Nobody expected them to win the possession battle but the least they could have done was to carry some reasonable offensive threat when they did have the ball as it was against Poland. Yes, Poland are not Spain but Luis Enrique’s men are not infallible. Poland and Sweden got a draw against them and could have even won had they converted their chances. The difference is Slovakia never even created chances, 0.1 xG and no shot on target are the major reasons they’re now out of the Euros altogether.
Flop of the Match: Alvaro Morata
In the same game where Martin Dubravka scored a hilariously embarrassing own goal and conceded five goals, Alvaro Morata still managed to stand out as the worst player on the pitch. This game witnessed the latest in a trilogy of poor performances from the Juventus striker and he continues to grab all the Spanish headlines for the wrong reasons.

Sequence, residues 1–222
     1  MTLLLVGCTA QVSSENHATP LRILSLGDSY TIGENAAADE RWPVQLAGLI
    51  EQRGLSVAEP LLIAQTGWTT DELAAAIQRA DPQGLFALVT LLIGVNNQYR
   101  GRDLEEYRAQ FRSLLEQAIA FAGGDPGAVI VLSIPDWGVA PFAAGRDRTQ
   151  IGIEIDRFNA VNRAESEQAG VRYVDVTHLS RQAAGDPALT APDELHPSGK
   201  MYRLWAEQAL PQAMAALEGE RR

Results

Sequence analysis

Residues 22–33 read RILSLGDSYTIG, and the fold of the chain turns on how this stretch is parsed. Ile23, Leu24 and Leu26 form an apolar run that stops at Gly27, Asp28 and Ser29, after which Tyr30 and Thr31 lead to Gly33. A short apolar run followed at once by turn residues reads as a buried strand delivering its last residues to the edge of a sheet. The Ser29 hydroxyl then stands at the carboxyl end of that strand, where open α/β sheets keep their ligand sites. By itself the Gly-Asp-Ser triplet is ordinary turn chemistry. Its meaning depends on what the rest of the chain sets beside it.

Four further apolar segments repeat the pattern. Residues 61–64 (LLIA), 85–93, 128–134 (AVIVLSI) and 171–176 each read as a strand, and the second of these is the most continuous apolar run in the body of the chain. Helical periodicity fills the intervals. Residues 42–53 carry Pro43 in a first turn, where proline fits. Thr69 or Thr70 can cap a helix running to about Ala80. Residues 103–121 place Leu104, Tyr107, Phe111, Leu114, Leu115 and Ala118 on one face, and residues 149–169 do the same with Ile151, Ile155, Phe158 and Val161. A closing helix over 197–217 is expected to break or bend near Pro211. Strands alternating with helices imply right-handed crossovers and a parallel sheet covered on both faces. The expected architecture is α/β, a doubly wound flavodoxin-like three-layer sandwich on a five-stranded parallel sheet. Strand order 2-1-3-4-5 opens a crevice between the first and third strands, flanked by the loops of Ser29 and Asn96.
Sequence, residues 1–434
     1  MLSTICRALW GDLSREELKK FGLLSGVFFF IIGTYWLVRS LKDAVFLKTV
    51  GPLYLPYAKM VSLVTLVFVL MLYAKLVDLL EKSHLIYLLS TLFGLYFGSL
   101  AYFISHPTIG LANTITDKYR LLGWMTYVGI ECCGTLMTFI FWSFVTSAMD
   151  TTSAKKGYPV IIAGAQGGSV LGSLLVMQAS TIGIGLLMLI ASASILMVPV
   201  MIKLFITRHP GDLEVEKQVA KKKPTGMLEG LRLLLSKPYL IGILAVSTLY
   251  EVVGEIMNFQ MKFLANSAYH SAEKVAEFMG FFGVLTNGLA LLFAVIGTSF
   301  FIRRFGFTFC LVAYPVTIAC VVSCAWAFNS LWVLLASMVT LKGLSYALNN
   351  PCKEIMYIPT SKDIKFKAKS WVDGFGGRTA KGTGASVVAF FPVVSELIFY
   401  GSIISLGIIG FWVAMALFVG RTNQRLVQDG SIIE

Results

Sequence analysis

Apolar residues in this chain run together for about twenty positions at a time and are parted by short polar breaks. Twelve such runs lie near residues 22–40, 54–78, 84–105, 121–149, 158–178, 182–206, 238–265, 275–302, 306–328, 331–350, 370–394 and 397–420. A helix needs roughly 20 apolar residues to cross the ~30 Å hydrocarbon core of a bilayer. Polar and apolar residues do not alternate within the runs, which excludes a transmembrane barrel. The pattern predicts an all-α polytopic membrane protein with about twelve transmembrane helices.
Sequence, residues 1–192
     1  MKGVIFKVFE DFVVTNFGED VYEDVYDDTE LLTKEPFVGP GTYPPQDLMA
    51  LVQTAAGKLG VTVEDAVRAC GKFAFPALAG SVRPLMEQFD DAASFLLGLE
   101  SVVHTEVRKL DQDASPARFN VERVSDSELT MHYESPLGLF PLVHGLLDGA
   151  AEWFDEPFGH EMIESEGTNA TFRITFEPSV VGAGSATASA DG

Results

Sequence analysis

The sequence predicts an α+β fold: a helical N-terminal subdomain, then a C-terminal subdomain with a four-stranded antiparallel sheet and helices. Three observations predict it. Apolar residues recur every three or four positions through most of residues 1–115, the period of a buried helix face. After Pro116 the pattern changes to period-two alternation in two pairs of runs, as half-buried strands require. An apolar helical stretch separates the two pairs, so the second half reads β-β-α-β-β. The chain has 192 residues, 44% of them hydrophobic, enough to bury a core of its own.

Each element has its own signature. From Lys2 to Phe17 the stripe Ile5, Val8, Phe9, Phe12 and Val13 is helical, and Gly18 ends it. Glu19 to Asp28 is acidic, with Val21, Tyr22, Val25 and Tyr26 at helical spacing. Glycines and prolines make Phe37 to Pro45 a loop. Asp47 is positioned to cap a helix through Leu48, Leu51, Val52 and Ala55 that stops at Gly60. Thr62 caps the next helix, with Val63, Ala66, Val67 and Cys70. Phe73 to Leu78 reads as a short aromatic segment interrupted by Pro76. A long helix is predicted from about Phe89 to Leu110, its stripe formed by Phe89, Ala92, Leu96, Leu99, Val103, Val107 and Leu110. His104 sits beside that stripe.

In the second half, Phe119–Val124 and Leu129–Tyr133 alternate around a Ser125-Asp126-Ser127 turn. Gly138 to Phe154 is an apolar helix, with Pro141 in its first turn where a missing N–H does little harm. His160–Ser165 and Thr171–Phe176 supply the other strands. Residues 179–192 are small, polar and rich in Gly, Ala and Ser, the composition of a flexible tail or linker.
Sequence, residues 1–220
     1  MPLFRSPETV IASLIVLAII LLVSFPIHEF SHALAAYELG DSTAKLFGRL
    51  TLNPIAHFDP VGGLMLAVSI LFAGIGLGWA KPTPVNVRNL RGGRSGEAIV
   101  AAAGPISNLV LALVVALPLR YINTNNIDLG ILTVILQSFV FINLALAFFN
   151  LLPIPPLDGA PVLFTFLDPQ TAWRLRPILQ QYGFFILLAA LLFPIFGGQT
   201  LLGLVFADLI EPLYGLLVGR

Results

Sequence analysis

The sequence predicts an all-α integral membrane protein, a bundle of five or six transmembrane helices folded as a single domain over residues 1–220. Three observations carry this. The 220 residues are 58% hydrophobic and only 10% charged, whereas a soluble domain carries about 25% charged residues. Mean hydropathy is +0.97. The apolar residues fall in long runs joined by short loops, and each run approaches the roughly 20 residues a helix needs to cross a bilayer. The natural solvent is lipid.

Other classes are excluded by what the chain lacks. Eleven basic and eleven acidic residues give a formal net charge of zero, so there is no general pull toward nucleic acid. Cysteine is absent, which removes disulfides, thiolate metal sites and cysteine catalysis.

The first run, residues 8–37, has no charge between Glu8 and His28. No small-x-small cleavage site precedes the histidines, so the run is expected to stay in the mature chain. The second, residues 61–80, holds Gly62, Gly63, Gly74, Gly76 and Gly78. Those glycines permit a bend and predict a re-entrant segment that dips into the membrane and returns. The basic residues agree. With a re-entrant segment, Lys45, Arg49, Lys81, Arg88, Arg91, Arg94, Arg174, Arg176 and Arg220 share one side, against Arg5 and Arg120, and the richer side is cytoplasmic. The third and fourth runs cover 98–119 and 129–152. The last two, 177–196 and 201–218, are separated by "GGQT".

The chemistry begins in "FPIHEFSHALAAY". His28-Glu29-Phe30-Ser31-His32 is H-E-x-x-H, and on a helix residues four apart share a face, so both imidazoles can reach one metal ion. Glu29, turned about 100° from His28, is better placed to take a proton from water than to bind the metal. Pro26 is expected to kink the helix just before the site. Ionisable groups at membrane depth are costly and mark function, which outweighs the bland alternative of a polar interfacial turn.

His poorly-taken penalty was the fourth big chance Morata had missed in this Euros and he failed to add to his overall tally of one goal in a game where Spain scored five. It’s no coincidence that the man who came on in his stead, Ferran Torres found the back almost immediately and the Spanish attack actually flowed better in his absence.
Alvaro Morata continued his streak of poor games at these Euros with another one against Slovakia.
As it is, Morata has no choice but to improve because Luis Enrique seems to like him and won’t be dropping him anytime soon. He has to step up and lead this Spanish team from the front. Playing as the lead man in a team that creates so many chances, it’s almost criminal that Morata has only one goal so far. If Spain hopes to go far in this competition, they need Morata firing as soon as possible which is against Croatia on Monday.
By: Tunde Young / @tunde_young
Featured Image: @GabFoligno / Fran Santiago – UEFA